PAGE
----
The remainder calculation circuit 20A outputs the data D3 to a selection circuit 21 and also feeds back the data D3 to its inputs through a FIFO 27 which generates a delay time corresponding to a quarter rotation of the original disk 4. With this configuration, the precoding circuit 20 compensates for data D2 successively and outputs it. The FIFO 27 adds a delay time corresponding to 2N bits at a data D3 clock against the number N of pits formed on one quarter of the original disk 4.

The selection circuit 21 (FIG. 2) switches contacts according to a timing signal SAR. It selectively outputs a fixed data for servo pattern generation output from a fixed-pattern generator 29, in the servo area of the original disk 4. Therefore, the selection circuit 21 inserts the fixed data for servo pattern generation into data D3 at a constant interval.

The fixed-pattern generator 29 generates a fixed data for so-called sample servo. The generator 29 also switches fixed data between odd-number tracks and even-number tracks. As shown in FIG. 6 with a partially enlarged view, the optical disk apparatus 1 forms servo areas AR radially, and generates a servo pattern which changes its arrangement in a radial direction, in units of two tracks in each servo area AR.

When tracks are densely formed so as to cause inter-code interference as in the present embodiment, correct tracking control is difficult to achieve with the use of side spots as in a compact disc player. When pits adjacent to a track center pit are disposed with offsets in the radial direction as in general sample servo, correct detection of the track center becomes difficult.

In contrast, adjacent pits PS1 and PS2 are disposed at the track centers of an even-number track and an odd-number track in the present embodiment. A center pit is disposed at the middle of the track centers. Thus a servo pattern is formed in which radial arrangement changes in units of two tracks with an offset of half track. In reproduction, correct tracking control is performed by common use of pit PS1 or PS2 with a center pit PM in an even-number track or an odd-number track with a track center being offset by a half track. These pits PM, PS1, and PS2 are also used for generating the clock CK.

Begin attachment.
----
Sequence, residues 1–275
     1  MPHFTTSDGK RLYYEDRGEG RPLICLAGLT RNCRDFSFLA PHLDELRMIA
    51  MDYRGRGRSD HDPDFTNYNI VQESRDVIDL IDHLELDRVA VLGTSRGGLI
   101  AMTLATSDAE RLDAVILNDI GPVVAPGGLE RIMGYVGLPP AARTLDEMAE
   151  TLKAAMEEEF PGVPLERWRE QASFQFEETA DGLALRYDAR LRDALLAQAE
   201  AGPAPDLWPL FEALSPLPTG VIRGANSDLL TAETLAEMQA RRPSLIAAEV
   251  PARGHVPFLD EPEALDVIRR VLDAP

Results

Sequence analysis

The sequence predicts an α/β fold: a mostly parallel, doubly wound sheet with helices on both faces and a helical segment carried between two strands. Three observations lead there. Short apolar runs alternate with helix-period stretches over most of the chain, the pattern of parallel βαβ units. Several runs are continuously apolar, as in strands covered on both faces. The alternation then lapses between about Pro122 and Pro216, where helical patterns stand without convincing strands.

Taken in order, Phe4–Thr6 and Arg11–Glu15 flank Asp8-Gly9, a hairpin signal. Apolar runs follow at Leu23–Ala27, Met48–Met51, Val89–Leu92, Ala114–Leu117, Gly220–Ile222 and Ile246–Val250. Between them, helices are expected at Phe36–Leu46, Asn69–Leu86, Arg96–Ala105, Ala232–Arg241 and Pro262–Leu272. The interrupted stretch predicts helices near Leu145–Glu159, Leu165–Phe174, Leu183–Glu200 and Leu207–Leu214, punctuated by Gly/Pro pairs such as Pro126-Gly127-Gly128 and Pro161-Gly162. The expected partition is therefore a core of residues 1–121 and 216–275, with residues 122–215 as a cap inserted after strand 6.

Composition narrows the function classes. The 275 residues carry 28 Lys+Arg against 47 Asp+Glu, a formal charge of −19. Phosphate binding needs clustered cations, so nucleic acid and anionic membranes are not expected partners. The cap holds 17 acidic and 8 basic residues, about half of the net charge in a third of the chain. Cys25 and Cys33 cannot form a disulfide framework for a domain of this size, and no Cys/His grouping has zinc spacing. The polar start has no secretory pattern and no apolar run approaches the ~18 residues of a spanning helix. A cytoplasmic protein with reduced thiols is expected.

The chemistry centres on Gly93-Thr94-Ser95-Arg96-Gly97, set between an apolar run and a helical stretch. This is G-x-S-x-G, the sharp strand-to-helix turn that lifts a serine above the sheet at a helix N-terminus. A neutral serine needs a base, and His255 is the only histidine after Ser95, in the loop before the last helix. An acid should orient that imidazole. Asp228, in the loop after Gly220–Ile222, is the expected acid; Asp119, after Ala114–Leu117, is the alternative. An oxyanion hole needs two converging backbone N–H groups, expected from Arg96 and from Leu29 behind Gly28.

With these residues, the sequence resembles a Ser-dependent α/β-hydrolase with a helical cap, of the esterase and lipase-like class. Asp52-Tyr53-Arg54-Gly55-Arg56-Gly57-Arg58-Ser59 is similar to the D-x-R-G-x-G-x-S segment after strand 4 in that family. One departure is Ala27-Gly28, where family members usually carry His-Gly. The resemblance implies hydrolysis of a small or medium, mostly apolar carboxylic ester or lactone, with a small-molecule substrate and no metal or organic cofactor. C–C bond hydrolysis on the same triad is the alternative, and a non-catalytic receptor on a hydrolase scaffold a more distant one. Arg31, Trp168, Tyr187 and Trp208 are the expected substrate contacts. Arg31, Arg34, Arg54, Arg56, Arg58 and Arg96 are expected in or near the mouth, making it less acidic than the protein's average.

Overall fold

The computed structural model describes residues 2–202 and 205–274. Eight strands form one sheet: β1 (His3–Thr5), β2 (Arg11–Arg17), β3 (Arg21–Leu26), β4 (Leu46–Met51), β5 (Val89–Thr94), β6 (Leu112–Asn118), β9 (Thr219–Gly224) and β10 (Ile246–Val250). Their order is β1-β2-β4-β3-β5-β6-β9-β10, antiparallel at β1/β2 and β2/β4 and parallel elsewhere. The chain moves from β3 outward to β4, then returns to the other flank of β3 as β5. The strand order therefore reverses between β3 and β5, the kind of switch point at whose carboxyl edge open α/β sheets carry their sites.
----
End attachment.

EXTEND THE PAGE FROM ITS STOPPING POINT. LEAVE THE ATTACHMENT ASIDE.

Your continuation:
An edge modulator 30 generates a modulation signal S1 for driving the mastering apparatus 3, from data D3 output from the selection circuit 21. As shown in FIG. 7, the data D3 output from the selection signal 21 is input to a digital-to-analog (D/A) converter 32 and converted to an analog signal S3 having one of four values. A triangular-wave generator 33 generates a triangular wave STR (FIG. 8(B)) having a period twice that of the edge clock CK1 according to the edge clock CK1 (FIG. 8(A)) as shown in FIG. 8.

A comparator 34 compares the triangular-wave signal STR with the signal S3 (FIG. 8(B)) output from the D/A converter 32 and outputs the result as a modulation signal S1 (FIG. (C)). Thus, the edge modulator 30 outputs a modulation signal S1 generated by an edge-position change, according to the output data D3. Therefore, pits P (FIG. 8(D)) which change its edge positions are formed on the original disk 4 according to the modulation signal S1.

To change the edge position, the edge modulator 30 is set such that the triangular-wave signal STR and the output signal S3 change at appropriate signal levels. Therefore, the edge position of a pit P can be changed by a certain shift period shorter than the transitional response time of a reproduction signal for the pit P, which is determined by the transfer characteristics of the reproduction optical system.

In the reproduction optical system, a laser beam L (FIG. 8(E)) having a Gaussian distribution is emitted and a reproduction signal RF (FIG. 8(F)) which changes its signal level according to the amount of light returned is generated. In this case, since the reproduction signal RF changes its level according to a pit area covered by the size of an area image 1.22λ/(2NA), the signal level changes (FIG. 8(F)) according to a certain transitional response characteristics determined by the characteristics of the reproduction optical system. In the present embodiment, an edge change time T1 of a modulation signal S1 is set shorter than the transitional response time T2 specified by the above transitional response characteristics so that the edge position of a pit P can be changed by using as a unit the area corresponding to a certain shift period shorter than the transitional response time T2.

Since the triangular-wave generator 33 generates the triangular-wave signal STR having a period twice that of the edge clock CK1, an edge position can be made variable at the front and back edges of a pit as shown in FIG. 9 and recording is performed with one word (two bits) of data D2 being assigned to each edge.

With this configuration, the optical disk apparatus 1 sequentially exposes the original disk 4 and forms pits which have different edge positions, in the radial direction very closely to each other as shown in FIG. 1.

As described above, since tracks are formed very closely and the track pitch δ is set smaller than the size of an area image in the reproduction optical system, namely 1.22λ/(2NA), a beam spot SP scans over two tracks as shown in FIG. 1 during reproduction. Assuming that the beam spot SP scans at a boundary to adjacent tracks, since the edge position changes to any of four levels, the pit area covered by the beam spot SP changes to any of seven levels according to the edge positions.